Such were the three tribes that we know once occupied the territory where the city of Chicago now stands, but in order to understand their coming and going, the history of this part of the Great Lakes region must be briefly considered.
When the accounts of the great French explorers and priests such as Champlain, La Salle, and Marquette first describe the state of the tribes, we find the Iroquois Confederacy, located in what is now the State of New York, to be the dominant military power. Archaeologists are inclined to believe that the Iroquois came to New York from the south, driving out the Algonkians, who once occupied the territory, and causing them to settle around the Great Lakes. The French found a branch of the Iroquois north of Lake Erie, whom they called the Neutrals. In 1606 Champlain found them allied with the Ottawa in fighting the Mascoutens to the west. In 1643 the Neutrals sent an expedition of some two thousand men against the “Nation du Feu,” which attacked and destroyed a palisaded village and most of its inhabitants. The latter people may have been representatives of the Potawatomi, Mascoutens, Miami, or even some of the Illinois tribes. In 1648-49 the Huron tribes were destroyed by the Iroquois, and a few years later the Neutrals were likewise conquered by them, the remnant of the tribe being assimilated by the Seneca branch of the Iroquois. Thus as early as history records we find the Great Lakes region to be the scene of war and conquest. At that time the Chicago region was apparently occupied by tribes of the Illinois, and only the archeological record can tell us who preceded them.
In 1634 Jean Nicollet met the Menominee, Winnebago, and probably the Potawatomi at Green Bay, Wisconsin. Another western war was then in progress between the former people and their allies, the Sioux, against the Chippewa. The Lake tribes very early allied themselves with the French who were the enemies of the Iroquois. In 1641, Verwyst states, the Potawatomi were living near the Winnebago. The Jesuit Relation of 1642 mentions them near Sault Ste. Marie, where they had fled to escape a hostile nation which was continually harassing them. There seems some reason to believe that the Potawatomi and the Sauk formerly lived in Michigan, and had been driven across the Straits of Mackinac by the Neutrals, who seem to be the nation referred to in the Relation. In 1667 Father Allouez met three hundred warriors of the Potawatomi at Chaquamogon Bay. In 1670 a portion of them were living on the islands in the mouth of Green Bay. From the accounts of these early French missionaries, the Menominee, Sauk, Potawatomi, Miami, Winnebago, and Mascoutens seem to have taken refuge in various villages around Green Bay, having been driven there from the south-east. Tribal boundaries do not seem at all clearly defined, and earlier wars appear to have disrupted all the tribes of the region. Only the Winnebago are referred to by Father Dablon as original owners of the territory. The collective term “Nation du Feu,” then, appears to refer not to one specific tribe, but to all those peoples that in the seventeenth century were congregated in the vicinity of Sault Ste. Marie and Green Bay.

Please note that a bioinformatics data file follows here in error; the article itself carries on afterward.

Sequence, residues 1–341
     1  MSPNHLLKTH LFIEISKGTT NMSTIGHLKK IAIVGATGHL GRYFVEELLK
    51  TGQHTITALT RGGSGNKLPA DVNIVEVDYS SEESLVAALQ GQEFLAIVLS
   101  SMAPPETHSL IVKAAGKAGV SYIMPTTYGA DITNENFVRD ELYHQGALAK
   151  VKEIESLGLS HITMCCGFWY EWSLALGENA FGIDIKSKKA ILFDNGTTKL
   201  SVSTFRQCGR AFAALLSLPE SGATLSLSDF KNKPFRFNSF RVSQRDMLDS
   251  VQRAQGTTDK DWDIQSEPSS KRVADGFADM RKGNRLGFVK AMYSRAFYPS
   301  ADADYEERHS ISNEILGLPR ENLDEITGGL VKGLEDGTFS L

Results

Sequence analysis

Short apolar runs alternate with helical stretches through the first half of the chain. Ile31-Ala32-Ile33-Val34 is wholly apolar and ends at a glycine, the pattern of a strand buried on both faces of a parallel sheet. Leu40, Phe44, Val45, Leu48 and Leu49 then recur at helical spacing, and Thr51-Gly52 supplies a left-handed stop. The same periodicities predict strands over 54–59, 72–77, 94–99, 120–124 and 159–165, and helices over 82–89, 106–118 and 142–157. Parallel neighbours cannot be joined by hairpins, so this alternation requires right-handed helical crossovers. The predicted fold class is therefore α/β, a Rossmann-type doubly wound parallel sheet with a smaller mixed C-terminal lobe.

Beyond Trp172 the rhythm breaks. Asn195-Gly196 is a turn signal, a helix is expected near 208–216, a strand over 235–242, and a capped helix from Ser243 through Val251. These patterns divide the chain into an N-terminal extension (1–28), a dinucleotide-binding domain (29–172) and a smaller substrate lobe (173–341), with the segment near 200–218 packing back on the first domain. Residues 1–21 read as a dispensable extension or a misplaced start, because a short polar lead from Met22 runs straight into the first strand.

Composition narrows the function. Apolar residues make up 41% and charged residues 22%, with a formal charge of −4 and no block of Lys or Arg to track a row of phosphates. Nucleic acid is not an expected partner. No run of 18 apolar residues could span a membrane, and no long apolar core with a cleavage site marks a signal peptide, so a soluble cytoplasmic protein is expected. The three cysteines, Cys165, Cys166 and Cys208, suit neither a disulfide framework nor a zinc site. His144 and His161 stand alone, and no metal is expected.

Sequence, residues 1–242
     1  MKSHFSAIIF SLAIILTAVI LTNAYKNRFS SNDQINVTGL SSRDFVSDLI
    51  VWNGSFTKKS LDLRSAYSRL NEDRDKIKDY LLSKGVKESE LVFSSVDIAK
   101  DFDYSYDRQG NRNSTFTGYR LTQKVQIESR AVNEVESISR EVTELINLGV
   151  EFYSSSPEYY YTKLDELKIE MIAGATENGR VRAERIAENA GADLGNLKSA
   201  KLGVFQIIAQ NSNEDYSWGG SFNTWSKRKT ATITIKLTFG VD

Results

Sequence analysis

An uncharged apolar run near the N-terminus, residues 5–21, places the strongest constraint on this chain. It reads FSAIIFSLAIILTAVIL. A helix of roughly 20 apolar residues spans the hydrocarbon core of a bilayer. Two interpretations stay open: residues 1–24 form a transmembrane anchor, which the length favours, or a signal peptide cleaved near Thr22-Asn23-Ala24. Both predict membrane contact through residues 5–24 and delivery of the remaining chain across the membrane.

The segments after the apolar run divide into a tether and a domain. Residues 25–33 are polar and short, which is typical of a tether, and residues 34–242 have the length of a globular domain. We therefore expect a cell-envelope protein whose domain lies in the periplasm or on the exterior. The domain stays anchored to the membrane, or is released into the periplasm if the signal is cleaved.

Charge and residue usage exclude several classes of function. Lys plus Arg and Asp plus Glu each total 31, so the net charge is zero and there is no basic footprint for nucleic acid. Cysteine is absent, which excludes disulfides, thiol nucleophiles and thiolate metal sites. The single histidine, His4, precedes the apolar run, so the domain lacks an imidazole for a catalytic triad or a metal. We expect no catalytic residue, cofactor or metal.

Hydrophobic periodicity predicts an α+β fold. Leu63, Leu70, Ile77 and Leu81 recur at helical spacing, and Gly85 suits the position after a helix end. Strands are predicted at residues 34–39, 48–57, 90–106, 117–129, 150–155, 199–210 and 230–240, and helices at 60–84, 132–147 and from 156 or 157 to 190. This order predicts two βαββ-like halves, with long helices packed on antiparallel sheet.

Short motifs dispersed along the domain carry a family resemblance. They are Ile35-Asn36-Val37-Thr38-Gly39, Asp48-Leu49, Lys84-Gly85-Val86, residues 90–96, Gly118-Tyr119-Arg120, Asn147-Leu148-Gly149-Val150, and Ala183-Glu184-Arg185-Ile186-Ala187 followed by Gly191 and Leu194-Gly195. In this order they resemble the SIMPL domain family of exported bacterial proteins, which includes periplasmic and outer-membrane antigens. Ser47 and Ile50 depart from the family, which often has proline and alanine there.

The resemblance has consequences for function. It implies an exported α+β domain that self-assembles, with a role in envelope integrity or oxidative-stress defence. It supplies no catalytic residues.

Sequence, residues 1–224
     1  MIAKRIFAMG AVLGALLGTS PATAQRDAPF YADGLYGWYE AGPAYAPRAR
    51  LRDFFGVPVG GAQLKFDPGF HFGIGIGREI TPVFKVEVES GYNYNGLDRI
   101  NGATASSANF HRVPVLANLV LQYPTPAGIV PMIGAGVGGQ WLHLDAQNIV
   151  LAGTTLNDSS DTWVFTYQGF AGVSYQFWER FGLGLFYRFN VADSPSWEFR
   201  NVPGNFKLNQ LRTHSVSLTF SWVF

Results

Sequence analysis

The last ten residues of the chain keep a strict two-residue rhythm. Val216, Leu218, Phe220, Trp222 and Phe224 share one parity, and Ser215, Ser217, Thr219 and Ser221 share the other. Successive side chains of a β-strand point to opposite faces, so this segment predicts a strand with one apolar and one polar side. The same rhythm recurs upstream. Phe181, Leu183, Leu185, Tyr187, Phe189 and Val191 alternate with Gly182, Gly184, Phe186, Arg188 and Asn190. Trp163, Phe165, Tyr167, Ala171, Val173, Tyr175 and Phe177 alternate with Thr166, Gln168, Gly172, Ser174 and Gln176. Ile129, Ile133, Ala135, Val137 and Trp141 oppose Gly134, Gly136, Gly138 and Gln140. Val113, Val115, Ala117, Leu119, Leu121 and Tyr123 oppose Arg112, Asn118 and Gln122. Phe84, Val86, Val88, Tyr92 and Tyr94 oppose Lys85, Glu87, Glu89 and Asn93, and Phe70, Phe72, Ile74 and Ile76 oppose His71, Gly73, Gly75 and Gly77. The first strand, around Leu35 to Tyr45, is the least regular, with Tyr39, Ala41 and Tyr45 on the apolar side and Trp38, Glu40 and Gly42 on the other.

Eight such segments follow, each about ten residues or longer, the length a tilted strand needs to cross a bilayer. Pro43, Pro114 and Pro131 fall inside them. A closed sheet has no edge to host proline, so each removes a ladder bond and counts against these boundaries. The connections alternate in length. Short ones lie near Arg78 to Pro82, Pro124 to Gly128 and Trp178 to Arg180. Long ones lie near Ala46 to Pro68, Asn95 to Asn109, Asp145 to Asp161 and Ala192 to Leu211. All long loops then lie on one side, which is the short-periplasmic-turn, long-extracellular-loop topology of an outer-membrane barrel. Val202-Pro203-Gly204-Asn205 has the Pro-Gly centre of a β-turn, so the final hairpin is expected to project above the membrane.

During the years 1671-72, the expatriated Hurons united many of the Ottawa, Sauk, Foxes, and Potawatomi in a raid against the Sioux with whom they were then at peace, but the allies were severely defeated. At that time some of the Miami were living with the Mascoutens near Green Bay, but shortly afterward they moved south to where in all probability the remainder of the Miami were living around the southern end of Lake Michigan. There seem to be no records of the displacement of the Illinois proper by the Miami, but Charlevoix mentions a Miami village on the site of Chicago in about 1671. Harassed by their Iroquois neighbors, the Illinois tribes seem to have congregated on the Illinois River, near Fort St. Louis, where they are mentioned by La Salle in 1684. Meanwhile the Fox, as well as the Potawatomi, were moving south along the west shore of Lake Michigan. The former, allied with the Sauk, came into violent contact with the French, and were finally crushed by Sieur De Villiers at Little Butte des Morts in 1728.